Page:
The paper “Cancer risk across mammals” published earlier this month in the journal Nature demonstrates the value of data provided by Species360’s members. Prof. Fernando Colchero and Prof. Dalia Conde from the Species360 Conservation Science Alliance with a team of international collaborators find that “the results highlight the key role of life-history evolution in shaping cancer resistance and provide major advancements in the quest for natural anticancer defenses.“
Documenting cancer in wild animals is often extremely challenging due to a lack of information on the age of individuals, difficulty retrieving the bodies for necropsy, and the likelihood of cancer negatively influencing survival before cancer could be detected. Although data on wild populations would be indispensable to describe natural incidences of malignancies, such data, especially with corresponding ages and demographic histories, are unfortunately still far from our reach. Therefore, to estimate cancer mortality risk, this study uses data recorded by zoos for animals in their care using the Species360 Zoological Information Management System (ZIMS).
Data from hundreds of Species360 member zoos was the key to developing the most extensive evaluation of cancer risk in mammals and to test Petos Paradox. In humans it is clear that with extended lifespan and larger body size (i.e. height) cancer risk increases – believed to be linked to the larger number of cells and cell divisions, leading to the accumulation of cancer-driving mutations. Peto’s Paradox highlights that while this association hold within species, it is not true when we explore it among taxa (i.e., its average body size and life expectancy). For example, elephants are long-lived and large in size, yet they have a low risk of cancer compared to other short-lived and small-bodied species.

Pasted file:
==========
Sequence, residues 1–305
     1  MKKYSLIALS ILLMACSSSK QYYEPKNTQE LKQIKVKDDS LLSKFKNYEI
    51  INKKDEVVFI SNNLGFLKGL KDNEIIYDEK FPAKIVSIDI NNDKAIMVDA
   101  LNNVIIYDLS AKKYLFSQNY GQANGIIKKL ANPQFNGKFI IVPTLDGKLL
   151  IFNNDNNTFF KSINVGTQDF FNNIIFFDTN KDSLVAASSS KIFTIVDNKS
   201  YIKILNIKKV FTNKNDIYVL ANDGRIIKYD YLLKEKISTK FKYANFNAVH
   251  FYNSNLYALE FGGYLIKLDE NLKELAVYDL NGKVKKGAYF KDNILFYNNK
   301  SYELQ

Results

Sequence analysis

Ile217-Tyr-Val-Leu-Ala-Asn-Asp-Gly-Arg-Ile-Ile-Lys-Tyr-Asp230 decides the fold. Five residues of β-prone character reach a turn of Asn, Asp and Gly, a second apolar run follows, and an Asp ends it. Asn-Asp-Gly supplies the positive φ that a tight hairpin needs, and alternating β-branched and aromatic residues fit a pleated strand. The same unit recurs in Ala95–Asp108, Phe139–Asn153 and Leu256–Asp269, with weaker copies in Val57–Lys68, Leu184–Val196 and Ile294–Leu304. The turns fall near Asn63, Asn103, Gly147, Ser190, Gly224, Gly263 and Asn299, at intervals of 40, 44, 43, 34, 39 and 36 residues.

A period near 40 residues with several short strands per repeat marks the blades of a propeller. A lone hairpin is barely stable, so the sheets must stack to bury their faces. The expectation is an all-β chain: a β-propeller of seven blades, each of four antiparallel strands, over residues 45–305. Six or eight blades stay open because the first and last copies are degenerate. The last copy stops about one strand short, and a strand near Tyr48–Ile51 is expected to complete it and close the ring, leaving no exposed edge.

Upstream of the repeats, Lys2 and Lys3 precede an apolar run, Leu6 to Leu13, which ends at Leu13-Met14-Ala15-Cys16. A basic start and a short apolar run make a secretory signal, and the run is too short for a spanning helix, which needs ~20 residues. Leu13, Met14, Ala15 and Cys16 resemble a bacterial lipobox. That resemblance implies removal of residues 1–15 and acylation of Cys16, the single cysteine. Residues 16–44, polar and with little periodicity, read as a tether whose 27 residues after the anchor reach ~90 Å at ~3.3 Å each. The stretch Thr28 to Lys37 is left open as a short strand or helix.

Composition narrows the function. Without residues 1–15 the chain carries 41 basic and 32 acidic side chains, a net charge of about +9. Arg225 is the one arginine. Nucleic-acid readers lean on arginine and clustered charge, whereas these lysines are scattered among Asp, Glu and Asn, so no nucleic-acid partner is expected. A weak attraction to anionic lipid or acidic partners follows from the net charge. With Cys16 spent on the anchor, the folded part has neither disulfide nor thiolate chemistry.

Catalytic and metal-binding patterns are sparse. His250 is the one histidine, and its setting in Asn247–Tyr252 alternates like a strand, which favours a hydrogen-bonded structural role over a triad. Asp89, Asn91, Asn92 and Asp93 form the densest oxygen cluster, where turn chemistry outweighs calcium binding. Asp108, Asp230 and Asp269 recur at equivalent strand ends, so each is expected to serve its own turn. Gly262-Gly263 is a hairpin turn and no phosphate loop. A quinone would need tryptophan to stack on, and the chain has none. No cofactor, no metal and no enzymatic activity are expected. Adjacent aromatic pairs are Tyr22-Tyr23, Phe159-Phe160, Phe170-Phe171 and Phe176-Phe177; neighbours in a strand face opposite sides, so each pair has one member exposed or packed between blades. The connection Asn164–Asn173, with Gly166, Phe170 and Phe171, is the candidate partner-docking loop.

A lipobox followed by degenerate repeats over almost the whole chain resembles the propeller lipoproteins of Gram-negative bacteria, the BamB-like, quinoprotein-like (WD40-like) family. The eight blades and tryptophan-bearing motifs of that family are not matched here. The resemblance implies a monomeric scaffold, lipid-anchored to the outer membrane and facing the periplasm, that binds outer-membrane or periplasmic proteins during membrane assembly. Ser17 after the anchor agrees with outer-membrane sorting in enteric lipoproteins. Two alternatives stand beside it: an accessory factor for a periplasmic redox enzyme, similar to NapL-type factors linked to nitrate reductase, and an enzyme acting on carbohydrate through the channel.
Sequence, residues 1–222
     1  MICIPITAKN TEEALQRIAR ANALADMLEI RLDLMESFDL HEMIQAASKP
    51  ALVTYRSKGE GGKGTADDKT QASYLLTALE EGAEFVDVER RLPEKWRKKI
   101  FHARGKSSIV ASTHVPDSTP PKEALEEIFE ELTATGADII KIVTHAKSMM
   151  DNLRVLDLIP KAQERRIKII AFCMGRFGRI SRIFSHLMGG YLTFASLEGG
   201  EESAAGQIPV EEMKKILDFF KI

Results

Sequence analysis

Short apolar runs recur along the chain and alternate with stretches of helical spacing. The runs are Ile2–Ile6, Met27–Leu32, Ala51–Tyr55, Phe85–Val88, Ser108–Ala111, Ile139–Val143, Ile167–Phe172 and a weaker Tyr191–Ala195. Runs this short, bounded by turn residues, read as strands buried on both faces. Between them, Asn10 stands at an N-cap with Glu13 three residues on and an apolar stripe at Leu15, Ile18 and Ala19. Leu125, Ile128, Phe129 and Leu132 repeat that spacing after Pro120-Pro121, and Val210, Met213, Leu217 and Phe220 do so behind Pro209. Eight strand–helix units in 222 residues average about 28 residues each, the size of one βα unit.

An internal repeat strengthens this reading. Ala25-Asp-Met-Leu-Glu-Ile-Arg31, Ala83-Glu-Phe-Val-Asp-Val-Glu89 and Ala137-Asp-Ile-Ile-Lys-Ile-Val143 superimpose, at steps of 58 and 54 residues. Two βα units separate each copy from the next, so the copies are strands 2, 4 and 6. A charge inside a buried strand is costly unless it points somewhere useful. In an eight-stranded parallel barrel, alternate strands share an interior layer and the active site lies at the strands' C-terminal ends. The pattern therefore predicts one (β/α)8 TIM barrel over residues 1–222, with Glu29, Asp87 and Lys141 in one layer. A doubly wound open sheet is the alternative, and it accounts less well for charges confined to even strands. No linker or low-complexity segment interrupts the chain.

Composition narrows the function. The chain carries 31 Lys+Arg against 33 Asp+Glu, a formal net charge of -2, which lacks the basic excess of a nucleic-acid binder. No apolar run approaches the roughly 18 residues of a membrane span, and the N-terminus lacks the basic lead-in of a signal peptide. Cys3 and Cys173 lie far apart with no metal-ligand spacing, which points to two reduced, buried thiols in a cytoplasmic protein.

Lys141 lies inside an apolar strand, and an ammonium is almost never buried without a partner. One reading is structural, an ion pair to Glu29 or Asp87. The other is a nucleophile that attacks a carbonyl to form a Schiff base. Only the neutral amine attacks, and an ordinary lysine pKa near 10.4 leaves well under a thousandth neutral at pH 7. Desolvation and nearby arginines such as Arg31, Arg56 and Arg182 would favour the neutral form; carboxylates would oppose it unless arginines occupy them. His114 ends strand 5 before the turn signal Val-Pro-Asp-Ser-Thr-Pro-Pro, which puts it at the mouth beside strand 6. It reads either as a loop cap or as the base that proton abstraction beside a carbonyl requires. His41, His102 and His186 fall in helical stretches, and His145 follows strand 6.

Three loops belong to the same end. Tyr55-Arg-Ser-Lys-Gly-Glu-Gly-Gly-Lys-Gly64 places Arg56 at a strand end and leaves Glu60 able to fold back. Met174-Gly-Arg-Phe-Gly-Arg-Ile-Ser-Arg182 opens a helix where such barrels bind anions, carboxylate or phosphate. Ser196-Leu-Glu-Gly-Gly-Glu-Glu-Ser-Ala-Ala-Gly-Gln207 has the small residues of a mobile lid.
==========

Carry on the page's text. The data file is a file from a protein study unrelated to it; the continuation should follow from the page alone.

Until now, this type of rigorous and quantitative assessment of these associations across mammals was not possible due to the lack of data on cancer incidence from multiple species. Thanks to the standard records from zoo and aquarium members of Species360 this has now changed. The researchers analyzed the largest cross-species database of its kind —a pool of adult mammalian animals in ZIMS that includes 110,148 individuals spanning 191 species. Their findings offer conclusive proof that cancer mortality risk is largely independent of both body mass and adult life expectancy across species.
Orsolya Vincze, from the French National Centre for Scientific Research (CNRS), the first author of the study, mentions:
“We concluded that the solution to the Petos Paradox lies in the fact that the evolution of greater size and longevity in species has been accompanied by the co-evolution of potent mechanisms of cancer resistance. Our study highlights the value of the incredible work of the zoo and aquarium community that integrates and standardizes their records in ZIMS. We are extremely grateful to all zoo members who collected and registered their data on cancer, and we urge them to continue doing so to aid more detailed exploration of cancer across animals, including non-mammalian ones.“
Read the full article here.